Rehabilitated turtle gains new lease on life 

Research Fellow working with the North Australian Marine Research Alliance Kiki Dethmers attached a satellite transmitter to monitor the rehabilitated turtle’s progress

A 50 kilogram Flatback turtle rehabilitated at Charles Darwin University’s Aquaculture Centre will be released into the wild today, fitted with a satellite transmitter to monitor its progress.

The turtle was given its new lease on life with the help of the ARK Animal Hospital Veterinarian Steve Cutter, and will be released by Department of Land and Resource Management Marine Wildlife Officer Ray Chatto on the high tide at Lee Point today (Friday Dec 7).

A concerned member of the public rescued the large Flatback turtle, thought to be more than 20 years old, from Cape Hotham in September where it was found “floating”, a term where a build-up of air or gas prevents the animal from diving down to feed.

CDU Aquaculture technician Kathy Kellam said the Flatback was one of several turtles being rehabilitated at CDU’s Aquaculture facility.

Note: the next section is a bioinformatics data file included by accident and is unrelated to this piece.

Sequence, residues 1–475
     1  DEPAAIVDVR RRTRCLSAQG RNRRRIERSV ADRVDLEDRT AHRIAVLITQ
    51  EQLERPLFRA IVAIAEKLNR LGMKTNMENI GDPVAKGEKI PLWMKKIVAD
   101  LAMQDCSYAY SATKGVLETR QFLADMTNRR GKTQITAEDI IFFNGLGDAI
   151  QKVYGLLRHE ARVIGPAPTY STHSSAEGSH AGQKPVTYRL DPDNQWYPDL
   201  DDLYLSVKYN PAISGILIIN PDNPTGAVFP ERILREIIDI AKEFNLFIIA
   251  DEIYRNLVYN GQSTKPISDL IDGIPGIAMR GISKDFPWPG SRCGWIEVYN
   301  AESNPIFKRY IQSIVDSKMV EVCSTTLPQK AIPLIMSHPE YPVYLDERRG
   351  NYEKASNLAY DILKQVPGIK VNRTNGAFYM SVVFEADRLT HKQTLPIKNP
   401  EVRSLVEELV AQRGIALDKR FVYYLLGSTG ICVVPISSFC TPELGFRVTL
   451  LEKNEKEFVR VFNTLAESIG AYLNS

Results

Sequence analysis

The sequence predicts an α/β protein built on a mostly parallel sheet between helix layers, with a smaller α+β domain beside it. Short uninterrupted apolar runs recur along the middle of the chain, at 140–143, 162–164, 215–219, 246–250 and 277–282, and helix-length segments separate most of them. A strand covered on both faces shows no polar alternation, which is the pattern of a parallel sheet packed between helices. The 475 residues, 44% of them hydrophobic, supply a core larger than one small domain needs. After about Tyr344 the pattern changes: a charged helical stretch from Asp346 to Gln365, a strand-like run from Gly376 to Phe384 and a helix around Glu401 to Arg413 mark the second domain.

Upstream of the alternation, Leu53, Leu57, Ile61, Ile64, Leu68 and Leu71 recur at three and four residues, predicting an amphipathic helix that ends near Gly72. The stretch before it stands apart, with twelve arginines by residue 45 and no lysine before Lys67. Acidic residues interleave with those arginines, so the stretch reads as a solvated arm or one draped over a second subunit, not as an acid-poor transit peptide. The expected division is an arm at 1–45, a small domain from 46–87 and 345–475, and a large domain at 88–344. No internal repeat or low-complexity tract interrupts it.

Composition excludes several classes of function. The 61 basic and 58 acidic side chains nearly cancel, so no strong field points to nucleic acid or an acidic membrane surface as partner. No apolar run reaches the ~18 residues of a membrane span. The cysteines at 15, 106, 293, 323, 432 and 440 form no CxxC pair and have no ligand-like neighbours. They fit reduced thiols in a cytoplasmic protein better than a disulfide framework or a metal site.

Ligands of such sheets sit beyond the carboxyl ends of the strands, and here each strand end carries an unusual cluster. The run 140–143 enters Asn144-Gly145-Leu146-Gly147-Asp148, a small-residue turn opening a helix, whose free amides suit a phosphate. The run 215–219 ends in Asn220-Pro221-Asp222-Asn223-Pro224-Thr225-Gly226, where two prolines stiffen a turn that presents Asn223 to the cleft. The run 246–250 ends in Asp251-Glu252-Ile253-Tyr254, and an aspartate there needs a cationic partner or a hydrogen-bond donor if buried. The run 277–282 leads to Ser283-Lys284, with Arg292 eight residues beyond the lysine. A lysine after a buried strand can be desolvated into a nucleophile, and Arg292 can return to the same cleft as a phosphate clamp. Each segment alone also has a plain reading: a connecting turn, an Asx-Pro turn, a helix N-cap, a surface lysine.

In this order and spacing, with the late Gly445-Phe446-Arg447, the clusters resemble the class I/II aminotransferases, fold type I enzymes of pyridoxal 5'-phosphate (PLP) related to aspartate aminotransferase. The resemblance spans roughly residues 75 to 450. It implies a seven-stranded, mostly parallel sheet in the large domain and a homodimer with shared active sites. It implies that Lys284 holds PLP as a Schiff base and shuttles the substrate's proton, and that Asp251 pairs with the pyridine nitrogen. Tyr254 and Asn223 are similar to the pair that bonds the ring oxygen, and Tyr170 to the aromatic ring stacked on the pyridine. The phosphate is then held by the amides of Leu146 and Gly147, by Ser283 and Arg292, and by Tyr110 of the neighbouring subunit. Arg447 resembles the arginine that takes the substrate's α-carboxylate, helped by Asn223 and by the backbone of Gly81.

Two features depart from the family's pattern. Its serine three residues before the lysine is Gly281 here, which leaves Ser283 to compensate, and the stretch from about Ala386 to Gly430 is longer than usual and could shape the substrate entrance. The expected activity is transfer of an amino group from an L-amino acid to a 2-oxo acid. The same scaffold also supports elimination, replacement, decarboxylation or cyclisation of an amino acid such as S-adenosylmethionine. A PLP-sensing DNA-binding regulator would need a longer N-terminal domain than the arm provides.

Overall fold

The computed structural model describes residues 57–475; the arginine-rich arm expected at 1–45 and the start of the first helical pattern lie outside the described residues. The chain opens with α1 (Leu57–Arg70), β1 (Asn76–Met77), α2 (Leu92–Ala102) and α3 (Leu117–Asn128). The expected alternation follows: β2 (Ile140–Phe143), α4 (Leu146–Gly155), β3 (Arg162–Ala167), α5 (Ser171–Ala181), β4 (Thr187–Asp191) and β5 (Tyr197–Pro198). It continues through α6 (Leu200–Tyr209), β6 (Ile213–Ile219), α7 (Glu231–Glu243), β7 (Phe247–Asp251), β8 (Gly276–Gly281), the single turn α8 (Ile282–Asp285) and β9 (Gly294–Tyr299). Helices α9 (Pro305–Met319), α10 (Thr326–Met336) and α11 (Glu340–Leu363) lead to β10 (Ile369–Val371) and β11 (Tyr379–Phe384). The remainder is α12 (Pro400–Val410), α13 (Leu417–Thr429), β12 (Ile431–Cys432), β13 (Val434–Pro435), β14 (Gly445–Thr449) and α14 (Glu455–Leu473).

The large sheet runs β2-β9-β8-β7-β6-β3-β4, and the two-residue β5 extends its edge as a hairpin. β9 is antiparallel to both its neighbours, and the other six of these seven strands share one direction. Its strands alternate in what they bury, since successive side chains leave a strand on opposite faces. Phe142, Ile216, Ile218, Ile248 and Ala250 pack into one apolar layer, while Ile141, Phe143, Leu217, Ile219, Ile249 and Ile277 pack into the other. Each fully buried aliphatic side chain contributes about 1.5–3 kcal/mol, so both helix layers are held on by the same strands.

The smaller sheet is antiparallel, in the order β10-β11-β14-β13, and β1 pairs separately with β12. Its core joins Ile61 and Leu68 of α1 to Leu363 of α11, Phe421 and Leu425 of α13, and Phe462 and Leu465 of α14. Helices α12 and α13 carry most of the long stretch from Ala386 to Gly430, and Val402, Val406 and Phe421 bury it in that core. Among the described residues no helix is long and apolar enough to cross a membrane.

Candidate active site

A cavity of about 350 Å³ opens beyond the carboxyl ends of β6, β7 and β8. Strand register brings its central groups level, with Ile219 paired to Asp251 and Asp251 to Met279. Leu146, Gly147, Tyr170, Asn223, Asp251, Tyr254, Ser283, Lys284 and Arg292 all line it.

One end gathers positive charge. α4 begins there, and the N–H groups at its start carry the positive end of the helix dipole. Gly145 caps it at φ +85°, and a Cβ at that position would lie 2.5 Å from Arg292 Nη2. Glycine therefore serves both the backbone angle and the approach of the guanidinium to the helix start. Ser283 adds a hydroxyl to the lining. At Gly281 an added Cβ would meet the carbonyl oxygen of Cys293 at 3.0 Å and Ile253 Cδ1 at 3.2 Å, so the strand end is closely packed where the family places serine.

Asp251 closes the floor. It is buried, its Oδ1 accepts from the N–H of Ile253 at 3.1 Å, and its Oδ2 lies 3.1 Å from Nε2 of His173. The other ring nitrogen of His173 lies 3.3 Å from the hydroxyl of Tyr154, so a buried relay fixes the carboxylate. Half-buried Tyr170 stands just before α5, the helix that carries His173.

“The turtles rescued are diagnosed and treated by staff at the ARK Animal Hospital before being moved to big saltwater tanks at CDU for rehabilitation,” Ms Kellam said.

“The large saltwater tanks at our facility enable the turtles to readjust to the saltwater environment, assisting with final recovery and improve their condition to get them ready for release. In this case the turtle is able to sink to the bottom of the tank to feed and ready for release.”

To check the turtle’s progress, a satellite transmitter will be fitted to it by a marine biodiversity Research Fellow working with the North Australian Marine Research Alliance Kiki Dethmers. The transmitter will provide valuable data to contribute towards conservation efforts.

“Other than identifying their migratory pathways, satellite telemetry also helps to identify where particular individual turtles like to spend most of their time looking for food,” she said.

“In the future it could help us predict potential hotspot areas for ghost-net turtle interaction in the Arafura and Timor Seas and will significantly contribute to management that is focused on reducing detrimental impacts on Australasian sea turtle populations.”

Members of the public will be able to follow the rehabilitated turtle’s progress by visiting the link: